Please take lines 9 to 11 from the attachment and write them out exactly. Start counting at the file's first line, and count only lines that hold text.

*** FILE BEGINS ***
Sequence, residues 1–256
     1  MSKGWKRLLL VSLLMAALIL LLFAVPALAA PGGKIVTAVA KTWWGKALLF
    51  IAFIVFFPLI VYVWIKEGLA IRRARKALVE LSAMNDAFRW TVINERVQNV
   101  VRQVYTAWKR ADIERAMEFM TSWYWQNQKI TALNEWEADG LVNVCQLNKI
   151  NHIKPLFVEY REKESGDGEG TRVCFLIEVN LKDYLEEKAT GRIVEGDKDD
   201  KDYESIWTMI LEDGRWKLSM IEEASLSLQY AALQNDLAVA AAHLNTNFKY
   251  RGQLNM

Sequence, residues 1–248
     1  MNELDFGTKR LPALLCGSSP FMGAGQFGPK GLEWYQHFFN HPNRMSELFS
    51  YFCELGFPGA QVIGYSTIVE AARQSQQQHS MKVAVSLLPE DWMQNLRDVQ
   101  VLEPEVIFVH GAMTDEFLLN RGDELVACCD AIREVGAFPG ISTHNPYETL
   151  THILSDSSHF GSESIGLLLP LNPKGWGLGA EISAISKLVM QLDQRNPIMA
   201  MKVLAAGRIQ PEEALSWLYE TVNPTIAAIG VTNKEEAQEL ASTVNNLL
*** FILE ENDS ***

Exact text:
     1  MNELDFGTKR LPALLCGSSP FMGAGQFGPK GLEWYQHFFN HPNRMSELFS
    51  YFCELGFPGA QVIGYSTIVE AARQSQQQHS MKVAVSLLPE DWMQNLRDVQ
   101  VLEPEVIFVH GAMTDEFLLN RGDELVACCD AIREVGAFPG ISTHNPYETL